Dion Earl, a former Kent resident and Kent-based soccer team owner, faces a second-degree rape charge for an alleged criminal attack of a woman in Kirkland.
King County prosecutors filed the charge on Monday against Earl, 47, who remains jailed in Arizona awaiting trial on sexual assault charges against two women, according to court documents.
Earl has homes in Kent and Mesa, Ariz., but has spent most of the last several years in Arizona. He is the former owner of the Seattle Impact FC franchise, a Major Arena Soccer League team that played in 2014 at the ShoWare Center in Kent. The team became the Tacoma Stars in 2015 when Lane Smith bought the franchise.
Kirkland Police reopened a 2009 rape investigation against Earl in 2017 at the request of the victim, now 32, which resulted in the charge filed this week. Earl is not expected to be at his arraignment June 24 in King County Superior Court because he is in custody in Arizona.
“In the present case, the defendant raped the victim who was working at a massage parlor,” wrote Senior Deputy Prosecuting Attorney Emily Petersen in court documents. “The defendant forced the victim to engage in sexual intercourse by holding her down. In addition, the defendant told the victim that he was a cop and would have her arrested if she reported the rape.”
The woman contacted an attorney who reached out to the Kirkland Police because the man said he was a cop. The woman filed a report with the department on Oct. 9, 2009, about 10 days after the alleged attack. A Kirkland Police detective met with the woman in November 2009. The woman didn’t know who the man was, but after doing research on Google and talking to friends who play soccer, the woman tipped off the detective in February 2010 that the man could be Earl, whose photo she saw on the internet and looked like the same man who attacked her.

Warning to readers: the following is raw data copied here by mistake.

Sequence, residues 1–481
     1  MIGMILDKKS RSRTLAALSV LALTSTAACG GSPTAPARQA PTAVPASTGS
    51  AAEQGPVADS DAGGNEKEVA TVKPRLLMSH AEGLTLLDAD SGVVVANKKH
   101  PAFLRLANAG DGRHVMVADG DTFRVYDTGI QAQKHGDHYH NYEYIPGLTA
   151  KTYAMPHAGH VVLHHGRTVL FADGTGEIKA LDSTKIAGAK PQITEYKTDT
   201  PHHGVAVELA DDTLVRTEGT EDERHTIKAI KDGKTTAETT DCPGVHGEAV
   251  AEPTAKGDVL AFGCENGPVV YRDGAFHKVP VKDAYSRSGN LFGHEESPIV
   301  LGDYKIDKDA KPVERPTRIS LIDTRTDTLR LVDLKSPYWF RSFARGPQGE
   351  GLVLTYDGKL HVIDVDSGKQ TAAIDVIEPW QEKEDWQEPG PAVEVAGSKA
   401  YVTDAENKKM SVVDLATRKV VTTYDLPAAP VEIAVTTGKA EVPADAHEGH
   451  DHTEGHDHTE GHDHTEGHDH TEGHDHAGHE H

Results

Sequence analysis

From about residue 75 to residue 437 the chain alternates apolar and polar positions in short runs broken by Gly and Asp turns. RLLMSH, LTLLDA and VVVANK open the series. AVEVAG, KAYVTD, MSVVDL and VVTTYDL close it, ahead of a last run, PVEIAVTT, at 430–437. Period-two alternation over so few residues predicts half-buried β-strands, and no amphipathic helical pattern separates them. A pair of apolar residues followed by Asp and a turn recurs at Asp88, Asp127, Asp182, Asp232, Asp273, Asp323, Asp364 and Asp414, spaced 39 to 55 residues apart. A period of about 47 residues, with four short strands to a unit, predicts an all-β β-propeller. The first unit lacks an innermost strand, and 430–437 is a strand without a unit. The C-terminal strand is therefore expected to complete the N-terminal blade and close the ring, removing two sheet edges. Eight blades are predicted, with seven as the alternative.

The woman later identified Earl in a photo montage presented to her by the Kirkland Police. Earl met with detectives and denied the attack, but he admitted he had been to the massage parlor and had sexual intercourse with a woman.
A Kirkland detective submitted a pair of women’s black thong-style underpants that the woman had kept to the state crime lab in March 2010. A lab scientist found DNA from semen on the thong, but no match to the DNA beyond an unidentified male.
Police closed the investigation (court documents do not explain the reason) but reopened it in November 2017 with another detective assigned to the case after the victim in the 2009 attack asked police to look at the case again because of Earl’s arrest in Arizona. The detective requested and received a search warrant to send to Mesa Police to get a swab of DNA from Earl’s cheek because he was still in custody.
Once the Washington state crime lab compared that swab to the victim evidence previously submitted, the DNA turned out to be a match to Earl, according to court documents.
Tax fraud scheme
In addition to the rape and sexual assault charges, Earl, a star soccer player at Seattle Pacific University in the 1990s, was indicted in 2018 by a federal grand jury for a massive tax fraud scheme, according to the U.S. Department of Justice.
Earl allegedly used false documents between 2008 and 2014 to lie about his income, the amount of tax dollars withheld by employers and his mortgage deductions, so that he could claim tax refunds of more than $1.1 million.
Until the charges in Arizona are resolved, Earl will not come to Washington state to face the federal and state charges, said a U.S. Attorney’s Office spokesperson. Earl is scheduled to go to trial in July in Arizona. Once that case is done, officials will need to determine whether he faces the state rape charge or federal tax fraud case.
While owner of the Seattle Impact in 2014, Earl came under fire from players and dance team members. He faced several legal battles. Ex-employees, in a lawsuit, accused him of having sexually assaulted two women on the dance team. The scathing lawsuit referred to Earl’s conduct as owner of the Impact as “despicable” and called him a “tyrant,” according to court documents. A massive, 22-player walkout followed in November 2014 to protest how Earl treated the dancers and employees.